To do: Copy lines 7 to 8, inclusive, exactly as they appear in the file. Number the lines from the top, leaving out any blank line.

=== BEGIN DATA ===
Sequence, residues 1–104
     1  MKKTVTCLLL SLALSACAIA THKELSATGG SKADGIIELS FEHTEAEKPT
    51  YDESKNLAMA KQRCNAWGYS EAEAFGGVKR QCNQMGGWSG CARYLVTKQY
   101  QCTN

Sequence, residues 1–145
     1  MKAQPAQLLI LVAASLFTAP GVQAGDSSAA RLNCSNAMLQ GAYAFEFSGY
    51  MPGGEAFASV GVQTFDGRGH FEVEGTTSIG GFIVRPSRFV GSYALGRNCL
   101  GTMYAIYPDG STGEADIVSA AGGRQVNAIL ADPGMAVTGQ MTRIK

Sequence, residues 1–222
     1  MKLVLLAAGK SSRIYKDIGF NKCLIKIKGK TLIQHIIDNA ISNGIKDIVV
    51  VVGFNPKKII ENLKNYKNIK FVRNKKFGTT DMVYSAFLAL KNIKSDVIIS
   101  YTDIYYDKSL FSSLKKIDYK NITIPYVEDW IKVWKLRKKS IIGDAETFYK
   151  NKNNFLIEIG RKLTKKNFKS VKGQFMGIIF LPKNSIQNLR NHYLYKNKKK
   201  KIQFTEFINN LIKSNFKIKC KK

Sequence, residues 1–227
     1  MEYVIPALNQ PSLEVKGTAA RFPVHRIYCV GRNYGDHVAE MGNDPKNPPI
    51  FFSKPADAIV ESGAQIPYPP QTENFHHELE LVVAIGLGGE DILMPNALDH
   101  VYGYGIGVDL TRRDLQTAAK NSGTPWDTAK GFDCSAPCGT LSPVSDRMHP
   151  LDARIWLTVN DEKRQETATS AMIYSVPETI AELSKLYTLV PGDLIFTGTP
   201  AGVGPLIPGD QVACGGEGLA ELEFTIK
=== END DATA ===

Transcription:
    51  MPGGEAFASV GVQTFDGRGH FEVEGTTSIG GFIVRPSRFV GSYALGRNCL
   101  GTMYAIYPDG STGEADIVSA AGGRQVNAIL ADPGMAVTGQ MTRIK